This post was last updated on January 29th, 2019
I developed my passion for language through hip hop. I started to understand how much you can do with words. Rappers use words to create paintings, photographs, movies. A four-minute rap song will use far more words than a song of any other genre. If you’re into hip hop you know about the study Matt Daniels condcucted on the largest vocabulary in hip hop (The Largest Vocabulary in Hip Hop, 2012). He found out that Aesop Rock uses over 2000 words more than Shakespeare. You cannot love hip hop without a love for language and words. I have learned more about metaphors and wordplay from hip hop than from anything we ever covered in school.
I have learned how important it is to seek knowledge. Especially within so-called “conscious” rap, there is a huge emphasis on learning about history as well as current political developments. When you listen to lines like “At exactly which point do you start to realize that life without knowledge is death in disguise” (Black Star – “K.O.S. (Determination)”) you start to give more value to knowledge and education. My teachers were never able to instill this kind of appreciation for knowledge in me. Hip Hop made me seek knowledge on subjects that we never even touched in class. Whenever a rap song mentioned something I hadn’t yet heard about I became curious and wanted to learn as much as possible about the subject.
I have learned about all kinds of interesting social and religious communities that I would have never heard of had it not been for hip hop, such as the Nation of Gods and Earths, an offshoot of the Nation of Islam with a very intricate belief system. The sheer variety of movements that I was introduced to through hip hop again broadened my horizon. As a result, I have learned that there is more to Islam than what mainstream scholars would like us to believe. Through hip hop, I realized that there are other people out there who consider themselves to be believing Muslims without conforming to the mainstream interpretation of it. In German society and within Muslim communities in Germany you were either a traditionalist or an atheist without any room for a modern spiritual approach to Islam. Then I found out about rappers such as Mos Def whose approach was much more similar to mine and transcended the boundaries set by Muslim communities in Europe.
I have learned about the importance of social and political activism. Obviously, this is one of the main factors in hip hop. In German schools, while we learned about the Civil Rights Movement the information we received was reduced to Martin Luther King. There was no mention of groups such as the Black Panther Party whom I had to research on my own after being exposed to them through hip hop. Eventually, this also led to me finding out about the many vegan hip hop artists and their approach to veganism.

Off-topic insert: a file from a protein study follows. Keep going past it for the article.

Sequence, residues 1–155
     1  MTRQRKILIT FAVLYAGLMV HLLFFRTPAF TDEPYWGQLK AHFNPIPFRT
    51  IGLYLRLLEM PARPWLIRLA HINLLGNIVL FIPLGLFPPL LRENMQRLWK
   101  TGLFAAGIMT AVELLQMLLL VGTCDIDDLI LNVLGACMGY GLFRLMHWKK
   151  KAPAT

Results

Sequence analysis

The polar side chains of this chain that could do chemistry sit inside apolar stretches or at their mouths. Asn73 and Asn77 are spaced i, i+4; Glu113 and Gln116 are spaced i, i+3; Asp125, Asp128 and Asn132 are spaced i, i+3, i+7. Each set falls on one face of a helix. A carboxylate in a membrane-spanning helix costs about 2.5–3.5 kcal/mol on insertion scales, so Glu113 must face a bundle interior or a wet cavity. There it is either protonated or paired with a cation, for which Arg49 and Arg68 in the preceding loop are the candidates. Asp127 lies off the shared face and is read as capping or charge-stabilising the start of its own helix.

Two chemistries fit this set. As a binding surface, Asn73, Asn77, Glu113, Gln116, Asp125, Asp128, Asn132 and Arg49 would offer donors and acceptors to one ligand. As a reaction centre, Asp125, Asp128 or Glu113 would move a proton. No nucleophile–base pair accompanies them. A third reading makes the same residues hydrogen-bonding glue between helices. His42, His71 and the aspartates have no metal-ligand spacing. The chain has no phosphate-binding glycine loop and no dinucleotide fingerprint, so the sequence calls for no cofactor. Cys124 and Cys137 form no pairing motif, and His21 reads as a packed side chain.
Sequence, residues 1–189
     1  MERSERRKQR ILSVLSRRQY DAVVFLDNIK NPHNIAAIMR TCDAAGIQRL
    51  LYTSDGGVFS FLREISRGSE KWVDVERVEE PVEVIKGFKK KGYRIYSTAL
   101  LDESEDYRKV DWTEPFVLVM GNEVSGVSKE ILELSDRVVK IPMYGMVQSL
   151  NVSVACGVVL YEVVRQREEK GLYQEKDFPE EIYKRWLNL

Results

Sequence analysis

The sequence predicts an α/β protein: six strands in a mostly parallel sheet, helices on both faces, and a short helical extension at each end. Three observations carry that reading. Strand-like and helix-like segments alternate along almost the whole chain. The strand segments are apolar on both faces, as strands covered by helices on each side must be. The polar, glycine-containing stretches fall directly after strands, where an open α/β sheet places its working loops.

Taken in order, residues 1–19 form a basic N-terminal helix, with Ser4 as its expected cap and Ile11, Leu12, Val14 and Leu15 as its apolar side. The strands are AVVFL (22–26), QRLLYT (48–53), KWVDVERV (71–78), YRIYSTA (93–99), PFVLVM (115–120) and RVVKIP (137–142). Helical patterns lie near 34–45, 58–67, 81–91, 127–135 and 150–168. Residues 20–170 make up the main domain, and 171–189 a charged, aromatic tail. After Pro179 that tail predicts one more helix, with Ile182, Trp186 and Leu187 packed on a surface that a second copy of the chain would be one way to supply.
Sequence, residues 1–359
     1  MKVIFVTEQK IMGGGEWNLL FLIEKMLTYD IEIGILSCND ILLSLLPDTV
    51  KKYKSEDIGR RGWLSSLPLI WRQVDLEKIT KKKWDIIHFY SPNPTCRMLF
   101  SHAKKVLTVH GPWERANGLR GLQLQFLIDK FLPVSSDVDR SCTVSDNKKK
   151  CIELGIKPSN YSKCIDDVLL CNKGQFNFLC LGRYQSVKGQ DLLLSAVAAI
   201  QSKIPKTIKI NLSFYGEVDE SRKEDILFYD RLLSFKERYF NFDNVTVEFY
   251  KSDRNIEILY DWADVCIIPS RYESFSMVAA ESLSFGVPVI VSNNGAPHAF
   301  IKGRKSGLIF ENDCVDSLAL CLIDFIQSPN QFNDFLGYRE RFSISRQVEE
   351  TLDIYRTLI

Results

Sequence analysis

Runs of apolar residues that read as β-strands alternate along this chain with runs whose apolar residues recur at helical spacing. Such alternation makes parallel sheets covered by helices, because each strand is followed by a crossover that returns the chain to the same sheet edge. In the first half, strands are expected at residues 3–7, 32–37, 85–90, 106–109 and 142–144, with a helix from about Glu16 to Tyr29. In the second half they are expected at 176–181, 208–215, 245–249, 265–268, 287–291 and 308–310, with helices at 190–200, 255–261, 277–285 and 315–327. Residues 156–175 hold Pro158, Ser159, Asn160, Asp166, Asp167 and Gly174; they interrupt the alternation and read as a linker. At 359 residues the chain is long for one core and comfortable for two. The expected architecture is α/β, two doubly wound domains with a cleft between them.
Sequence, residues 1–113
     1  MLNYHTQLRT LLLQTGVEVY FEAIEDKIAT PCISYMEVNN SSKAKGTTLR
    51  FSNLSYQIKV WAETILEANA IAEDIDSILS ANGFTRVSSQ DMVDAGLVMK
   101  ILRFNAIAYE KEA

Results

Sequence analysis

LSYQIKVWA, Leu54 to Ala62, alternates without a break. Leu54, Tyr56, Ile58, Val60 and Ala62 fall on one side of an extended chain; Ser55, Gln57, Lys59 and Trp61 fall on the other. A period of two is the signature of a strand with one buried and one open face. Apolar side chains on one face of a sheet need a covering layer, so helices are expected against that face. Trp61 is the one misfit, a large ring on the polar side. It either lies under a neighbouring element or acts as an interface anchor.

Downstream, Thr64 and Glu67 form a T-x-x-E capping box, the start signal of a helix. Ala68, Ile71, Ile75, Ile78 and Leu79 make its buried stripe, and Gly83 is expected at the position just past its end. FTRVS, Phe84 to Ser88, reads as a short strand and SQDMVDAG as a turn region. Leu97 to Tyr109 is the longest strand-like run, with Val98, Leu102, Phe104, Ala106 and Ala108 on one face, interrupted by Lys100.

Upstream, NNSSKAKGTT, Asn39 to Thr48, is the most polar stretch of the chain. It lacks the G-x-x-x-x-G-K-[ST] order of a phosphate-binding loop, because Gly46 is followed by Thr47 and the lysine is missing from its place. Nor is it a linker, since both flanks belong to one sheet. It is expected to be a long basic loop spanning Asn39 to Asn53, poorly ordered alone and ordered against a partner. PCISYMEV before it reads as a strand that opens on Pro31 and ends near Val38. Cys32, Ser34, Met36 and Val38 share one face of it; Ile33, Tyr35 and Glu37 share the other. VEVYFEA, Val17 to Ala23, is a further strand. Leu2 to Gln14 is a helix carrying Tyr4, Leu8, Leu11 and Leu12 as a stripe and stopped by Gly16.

I have learned that art is not only for the rich and wealthy. Hip Hop is essentially the act of disenfranchised people creating their own aesthetics. In hip hop, you don’t become an artist by sitting in a studio painting and then having an exhibition for a select few. You put up your graffiti for everyone to see. Your whole learning process takes place outside on the street where you are vulnerable to criticism. In rap battles, you have to allow yourself to be humiliated and still keep your head high and wait for your next chance. This is how hip hop artists develop their art. It is very straight-forward and down to earth, and everyone who wants to participate will get their chance.
I have learned that you can make everything your own. People often look down on sampling as a form of theft. Interestingly, pop cover songs are seen, at worst, as butchering the original song. Accusations of “robbery” are, however, rarely made. The whole “classical” music scene relies on people replaying music which was created centuries ago. Virtually none of today’s great pianists, violinists, etc. have created great compositions of their own. Yet, they are revered as outstanding musicians. But when a young hip hop producer takes part of a song and turns it into something completely different it is considered theft. We can draw our conclusions about the obvious racial element to this argument.
I have learned to love hip hop as a way people can make themselves heard and turn shame into pride. While mainstream society can refuse giving people from certain neighborhoods jobs, within hip hop “where you come from” is actually a source of respect, and having made it out of there means you can make it anywhere.
I have learned to be critical towards what the media teaches us. With all the information I got from rap music that wasn’t accessible to me before the internet I realized that we are only taught things that are convenient for the system. Once I learned about different subjects through hip hop I was able to look at things from a different perspective, verify my sources, and come up with my own conclusions.
Sadly, I have also learned that whatever minorities create the system will take and turn against them. Not that it’s surprising that, in a capitalist system, someone will try to make money where it can be made, but the kind of rap music that can now be heard on the radio or tv has very little authenticity but is rather pushed by record labels that are making money off of the product they have created. This gives hip hop culture a bad reputation and contributes to the negative image of those who have created the art form. At the same time, those voices who actually have something to say are sidelined because their messages are uncomfortable and, thus, difficult to market to mainstream society.
Hip Hop has been the biggest influence in my life and has shaped my outlook on almost anything. It is what, as a Lost fan, I can only call my “constant.”